Saturday, May 23, 2015

Exploring God's tender mercies in Romans 1

Romans 12:1 "Therefore I urge you, brethren, by the mercies of God, to present your bodies a living and holy sacrifice,acceptable to God, which is your spiritual service of worship."

In yesterday's post we looked at what is meant by serving God from the power of God's tender mercies. Evidently Paul sees the need to underscore the need to present our bodies as living sacrifices from the standpoint of "the tender mercies of God". We explored the wider context of scripture with regards to how the Lord equips saints with His mercies to achieve what He commands them to do. Service to God would be impossible without knowing that He is for us. Today I want us to begin considering the mercies of God mentioned in Romans 1. In all there are around 70 such mercies in Romans 1-11! By the time we get through this listing, the reader will see why Paul by Divine inspiration wrote about "the tender mercies of God" in Romans 12:1.

All of God's tender mercies in Romans 1
1. Prophets 1:1
2. Incarnation 1:1
3. The Scriptures 1:1

These first three mercies are God's way of revelation to man about Himself. He didn't have to reveal anything, and yet Hed did so. 

4. The cross 1:4
5. Christ's resurrection 1:4
6. Effectual calling unto salvation 1:5
7. Preaching 1:5
8. Gifting of faith 1:5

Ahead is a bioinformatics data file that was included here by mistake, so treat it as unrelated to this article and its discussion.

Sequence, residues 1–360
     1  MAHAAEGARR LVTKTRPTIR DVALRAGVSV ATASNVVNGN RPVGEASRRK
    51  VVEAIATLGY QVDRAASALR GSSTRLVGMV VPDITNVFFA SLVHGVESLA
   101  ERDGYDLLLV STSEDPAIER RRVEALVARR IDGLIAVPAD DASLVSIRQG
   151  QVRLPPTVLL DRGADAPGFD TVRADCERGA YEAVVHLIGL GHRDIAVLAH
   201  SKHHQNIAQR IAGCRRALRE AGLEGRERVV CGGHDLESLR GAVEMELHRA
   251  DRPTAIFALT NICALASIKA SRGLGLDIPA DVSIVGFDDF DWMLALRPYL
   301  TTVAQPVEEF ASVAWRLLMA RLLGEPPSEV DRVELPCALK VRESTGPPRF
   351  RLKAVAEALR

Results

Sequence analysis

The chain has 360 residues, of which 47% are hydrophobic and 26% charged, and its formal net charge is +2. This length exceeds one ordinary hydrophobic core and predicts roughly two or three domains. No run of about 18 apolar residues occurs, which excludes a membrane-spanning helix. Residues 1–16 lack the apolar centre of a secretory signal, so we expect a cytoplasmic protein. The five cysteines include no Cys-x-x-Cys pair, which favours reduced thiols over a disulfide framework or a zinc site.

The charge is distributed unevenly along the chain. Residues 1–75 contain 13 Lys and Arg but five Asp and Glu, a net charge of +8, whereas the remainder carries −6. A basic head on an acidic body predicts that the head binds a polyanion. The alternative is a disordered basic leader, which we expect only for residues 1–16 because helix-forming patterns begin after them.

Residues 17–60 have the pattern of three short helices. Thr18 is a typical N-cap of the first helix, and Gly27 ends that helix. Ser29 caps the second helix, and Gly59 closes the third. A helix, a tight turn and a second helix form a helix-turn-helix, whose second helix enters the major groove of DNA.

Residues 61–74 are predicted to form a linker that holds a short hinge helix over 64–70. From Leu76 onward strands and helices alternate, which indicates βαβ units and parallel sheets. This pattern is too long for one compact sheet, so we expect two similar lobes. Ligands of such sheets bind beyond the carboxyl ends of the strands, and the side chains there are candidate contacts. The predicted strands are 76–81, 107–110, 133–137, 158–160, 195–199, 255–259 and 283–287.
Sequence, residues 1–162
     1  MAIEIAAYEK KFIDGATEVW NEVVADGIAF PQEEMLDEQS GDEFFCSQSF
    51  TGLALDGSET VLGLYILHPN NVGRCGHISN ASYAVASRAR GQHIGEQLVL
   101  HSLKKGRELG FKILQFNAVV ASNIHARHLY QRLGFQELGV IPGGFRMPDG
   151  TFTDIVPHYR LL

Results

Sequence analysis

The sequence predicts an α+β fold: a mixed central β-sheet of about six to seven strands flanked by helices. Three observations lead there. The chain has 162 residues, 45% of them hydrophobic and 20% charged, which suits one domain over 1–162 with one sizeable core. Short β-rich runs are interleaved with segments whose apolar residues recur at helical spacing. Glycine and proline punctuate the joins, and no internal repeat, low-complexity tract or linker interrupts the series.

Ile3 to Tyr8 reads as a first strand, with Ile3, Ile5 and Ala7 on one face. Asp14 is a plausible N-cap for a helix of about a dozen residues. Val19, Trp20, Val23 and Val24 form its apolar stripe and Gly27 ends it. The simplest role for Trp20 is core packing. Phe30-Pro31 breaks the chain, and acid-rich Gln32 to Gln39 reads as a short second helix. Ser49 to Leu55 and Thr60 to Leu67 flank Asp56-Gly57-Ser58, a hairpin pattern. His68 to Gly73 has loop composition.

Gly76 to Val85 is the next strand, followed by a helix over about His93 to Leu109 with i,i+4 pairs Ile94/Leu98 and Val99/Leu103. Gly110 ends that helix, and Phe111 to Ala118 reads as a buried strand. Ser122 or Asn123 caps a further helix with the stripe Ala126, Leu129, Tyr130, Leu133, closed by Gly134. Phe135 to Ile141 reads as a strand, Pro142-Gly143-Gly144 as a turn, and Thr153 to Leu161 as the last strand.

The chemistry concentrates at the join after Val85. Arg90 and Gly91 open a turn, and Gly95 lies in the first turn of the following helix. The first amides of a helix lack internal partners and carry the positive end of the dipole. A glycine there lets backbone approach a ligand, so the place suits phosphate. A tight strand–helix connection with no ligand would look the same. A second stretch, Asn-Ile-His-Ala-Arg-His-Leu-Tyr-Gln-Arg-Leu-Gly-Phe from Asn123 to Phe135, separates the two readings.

9. Gifting of repentance 1:5

These mercies of God represent the "act" by which salvation was achieved (cross & resurrection) and by which it is applied (effectual calling and preaching). Our God is truly a merciful God. 

10. Covenant of grace 1:7
11. general revelation 1:18

Here we see God's method by which He approaches sinners in need of salvation - the covenant of grace. The covenant of grace is what He instituted in the Garden of Eden and was most chiefly expressed and fulfilled by Christ. Such a revelation of God's mercy is specific and saving insofar as the sinner responds by grace through faith. General revelation in creation reveals God's wrath against sin. God again is showing mercy by even revealing the fact that there is a particular problem - sin. Why is that merciful? Because if there is a problem - sin, then it necessarily follows that there be a solution - salvation. Moreover, the solution must come from God. As Paul writes more in Romans, we discover that the power of salvation is in what He wrote near the beginning, namely the Person of the Son incarnating himself in true humanity. God is truly merciful. He makes available everything needed to be reconciled to Himself. Outside of Jesus there is no reconciliation, no hope and no mercy. God desires to show tender mercy. The question is: will you receive what He offers by faith?

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